Despite the clear provisions of that law, there is at least one candidate, Oleksiy Bekhovets, who has not been a Maidan prosecutor before and is not familiar with the cases.  The Advocacy Advisory Panel also notes that there appear to be other people on the list who only formally meet the requirements of the law, but who would not fulfil its main objective, namely to ensure continuity and efficiency of the Maidan investigations.   They ask the State Bureau of Investigations [SBI] to not allow the transfer of people who do not meet the requirements of the letter and the spirit of the law, and to publish the list of members of the commission who will be holding these interviews, as well as a list of the candidates and of the criteria for assessing their suitability.  

The authors call on SBI to hold a meeting with Maidan victims and their lawyers to hear their views on the situation and the problems with the investigations into Maidan cases and that their position be taken into account with respect to the above-mentioned and other appointments linked with Maidan.

They ask that a new organizational structure for the State Bureau of Investigations be handed to the President for confirmation, with this including the creation of a department on Maidan cases, with a staff of 100.   

People should not be appointed to managerial posts within the State Bureau of Investigations [SBI] who have a conflict of interests.  Although the appeal does not mention names, Maidan lawyer Yevhenia Zakrevska has reported that Oleksandr Babikov, who represented former President Viktor Yanukovych in his trial (in absentia) on charges of treason, has been appointed a Deputy Head of SBI.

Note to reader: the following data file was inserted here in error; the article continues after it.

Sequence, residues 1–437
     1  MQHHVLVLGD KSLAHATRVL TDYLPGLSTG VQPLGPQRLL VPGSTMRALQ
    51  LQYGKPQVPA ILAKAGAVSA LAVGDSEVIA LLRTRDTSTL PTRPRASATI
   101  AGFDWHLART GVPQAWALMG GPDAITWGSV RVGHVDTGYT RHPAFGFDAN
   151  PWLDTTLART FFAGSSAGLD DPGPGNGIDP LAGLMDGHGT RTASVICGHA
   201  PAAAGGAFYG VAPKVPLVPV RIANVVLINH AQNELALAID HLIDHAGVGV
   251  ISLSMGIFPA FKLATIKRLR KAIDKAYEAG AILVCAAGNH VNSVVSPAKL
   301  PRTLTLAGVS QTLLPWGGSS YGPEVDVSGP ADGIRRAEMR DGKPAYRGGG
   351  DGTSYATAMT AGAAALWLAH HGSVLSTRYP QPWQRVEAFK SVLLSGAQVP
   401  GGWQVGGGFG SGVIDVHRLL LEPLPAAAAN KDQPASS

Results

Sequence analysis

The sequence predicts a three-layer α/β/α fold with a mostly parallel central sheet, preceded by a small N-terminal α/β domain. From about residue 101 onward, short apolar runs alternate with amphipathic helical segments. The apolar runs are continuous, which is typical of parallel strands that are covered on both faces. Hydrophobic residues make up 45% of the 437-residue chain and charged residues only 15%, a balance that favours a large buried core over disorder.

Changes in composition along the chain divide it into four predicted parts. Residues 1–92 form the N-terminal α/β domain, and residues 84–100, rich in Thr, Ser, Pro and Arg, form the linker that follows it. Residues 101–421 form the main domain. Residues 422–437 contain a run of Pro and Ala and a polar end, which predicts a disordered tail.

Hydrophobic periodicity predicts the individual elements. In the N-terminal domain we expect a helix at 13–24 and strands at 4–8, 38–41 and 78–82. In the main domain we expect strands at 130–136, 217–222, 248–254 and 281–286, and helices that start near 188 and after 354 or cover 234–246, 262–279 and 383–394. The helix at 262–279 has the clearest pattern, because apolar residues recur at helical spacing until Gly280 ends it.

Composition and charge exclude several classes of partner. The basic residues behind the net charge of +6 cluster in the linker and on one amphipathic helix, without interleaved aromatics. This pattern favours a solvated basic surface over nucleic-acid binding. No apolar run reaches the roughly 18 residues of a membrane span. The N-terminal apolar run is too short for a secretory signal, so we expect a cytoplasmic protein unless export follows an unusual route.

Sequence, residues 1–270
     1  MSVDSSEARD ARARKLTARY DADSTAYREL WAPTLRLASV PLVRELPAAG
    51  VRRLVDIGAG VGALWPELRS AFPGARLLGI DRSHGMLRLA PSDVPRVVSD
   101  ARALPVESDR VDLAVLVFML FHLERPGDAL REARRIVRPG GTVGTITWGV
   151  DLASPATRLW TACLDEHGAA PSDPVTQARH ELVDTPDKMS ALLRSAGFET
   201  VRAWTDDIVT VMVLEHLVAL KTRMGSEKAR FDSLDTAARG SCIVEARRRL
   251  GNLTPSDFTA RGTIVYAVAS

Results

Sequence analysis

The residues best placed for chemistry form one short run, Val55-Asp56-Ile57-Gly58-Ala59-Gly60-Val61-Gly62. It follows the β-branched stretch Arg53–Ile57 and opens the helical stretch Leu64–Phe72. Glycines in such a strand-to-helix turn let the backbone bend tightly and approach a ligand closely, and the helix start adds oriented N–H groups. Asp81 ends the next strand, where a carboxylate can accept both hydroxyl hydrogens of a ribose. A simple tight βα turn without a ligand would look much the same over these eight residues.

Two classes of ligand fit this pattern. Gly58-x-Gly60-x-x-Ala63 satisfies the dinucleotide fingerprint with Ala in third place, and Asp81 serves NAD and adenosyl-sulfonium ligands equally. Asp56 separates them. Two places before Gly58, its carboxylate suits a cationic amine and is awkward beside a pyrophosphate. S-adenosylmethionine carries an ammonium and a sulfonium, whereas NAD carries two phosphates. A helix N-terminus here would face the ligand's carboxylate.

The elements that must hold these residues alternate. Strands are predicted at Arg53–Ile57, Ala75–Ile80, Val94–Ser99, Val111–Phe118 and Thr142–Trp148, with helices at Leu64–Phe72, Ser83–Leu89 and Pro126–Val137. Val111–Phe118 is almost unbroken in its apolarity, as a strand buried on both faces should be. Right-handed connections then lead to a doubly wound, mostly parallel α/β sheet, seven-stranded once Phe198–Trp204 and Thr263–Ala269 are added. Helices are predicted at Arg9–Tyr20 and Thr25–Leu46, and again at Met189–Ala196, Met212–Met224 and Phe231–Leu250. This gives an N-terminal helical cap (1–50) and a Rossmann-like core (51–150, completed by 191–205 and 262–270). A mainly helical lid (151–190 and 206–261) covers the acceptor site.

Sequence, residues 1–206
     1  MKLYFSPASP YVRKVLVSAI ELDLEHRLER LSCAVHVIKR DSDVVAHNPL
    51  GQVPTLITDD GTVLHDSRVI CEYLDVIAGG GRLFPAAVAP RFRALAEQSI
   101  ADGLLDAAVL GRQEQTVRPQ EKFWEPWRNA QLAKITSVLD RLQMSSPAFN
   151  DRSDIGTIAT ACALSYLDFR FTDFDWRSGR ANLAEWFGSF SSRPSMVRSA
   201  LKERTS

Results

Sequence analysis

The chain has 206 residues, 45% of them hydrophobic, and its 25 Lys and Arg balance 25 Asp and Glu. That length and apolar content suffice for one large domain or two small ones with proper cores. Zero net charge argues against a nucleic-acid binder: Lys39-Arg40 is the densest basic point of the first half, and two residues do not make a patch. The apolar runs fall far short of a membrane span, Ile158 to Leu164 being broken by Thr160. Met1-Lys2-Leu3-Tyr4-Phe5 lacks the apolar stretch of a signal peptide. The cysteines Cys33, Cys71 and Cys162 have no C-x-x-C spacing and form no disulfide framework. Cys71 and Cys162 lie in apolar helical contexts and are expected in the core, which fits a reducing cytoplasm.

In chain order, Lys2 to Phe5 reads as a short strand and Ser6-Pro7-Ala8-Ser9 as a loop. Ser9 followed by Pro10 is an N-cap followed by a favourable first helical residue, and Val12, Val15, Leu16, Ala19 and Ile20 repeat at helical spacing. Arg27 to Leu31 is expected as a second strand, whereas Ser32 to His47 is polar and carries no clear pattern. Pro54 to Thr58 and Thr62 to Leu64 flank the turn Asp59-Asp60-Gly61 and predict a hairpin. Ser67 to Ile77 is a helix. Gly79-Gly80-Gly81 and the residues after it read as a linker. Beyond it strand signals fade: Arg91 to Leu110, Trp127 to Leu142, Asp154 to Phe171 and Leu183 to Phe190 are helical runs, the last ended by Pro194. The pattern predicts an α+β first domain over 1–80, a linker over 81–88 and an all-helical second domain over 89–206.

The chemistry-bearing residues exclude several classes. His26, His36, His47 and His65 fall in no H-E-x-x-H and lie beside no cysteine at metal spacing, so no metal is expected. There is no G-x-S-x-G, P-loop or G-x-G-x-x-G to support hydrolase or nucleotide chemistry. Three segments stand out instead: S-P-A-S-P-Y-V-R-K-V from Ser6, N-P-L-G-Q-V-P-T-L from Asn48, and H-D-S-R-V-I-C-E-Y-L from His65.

Ukraine’s leaders were warned well before the exchange that Russia was insisting that Ukraine release Maidan suspects, the men convicted of the Kharkiv terrorist attack that killed a child and three adults, and similar, in order to divide and destabilize Ukraine. 

Moscow clearly wanted the Maidan suspects freed for another reason as well, namely to intensify attempts at distorting the facts about Euromaidan and the gunning down of protesters on 18 and 20 February 2014.  State-controlled media, such as the TV channel Rossiya 24 and RIA Novosti have already taken interviews of some of the men.  These are entirely uncritical, with no inconvenient questions asked, meaning that the suspects’ claims about what happened on Maidan are likely to be believed by the audience.   In their alternative reality, Berkut officers only shot back ‘in self-defence’, and the shootings were some kind of “provocation by the opposition”.  They themselves have consistently denied having taken part in any shooting, and in one of the interviews it was claimed that the fact that the trial was taking so long was proof that there was no evidence against them. 

All of the above is in conflict with vast amounts of video footage, witness testimony and material evidence (ballistic reports, etc.).  The trial was taking so long because of the enormous number of victims who needed to be questioned, and the scrupulous efforts by the prosecutors from the now dissolved Special Investigations Department to ensure that the case would stand up at all court levels, including international, not for want of evidence. 

If the trial is now allowed to become an empty formality, and other investigations left to quietly die, there is a real danger that this will be used by Russia, together with certain individuals in Ukraine, like former Yanukovych aide Andriy Portnov, to actively push their own, ‘alternative’ narrative about what happened on Maidan.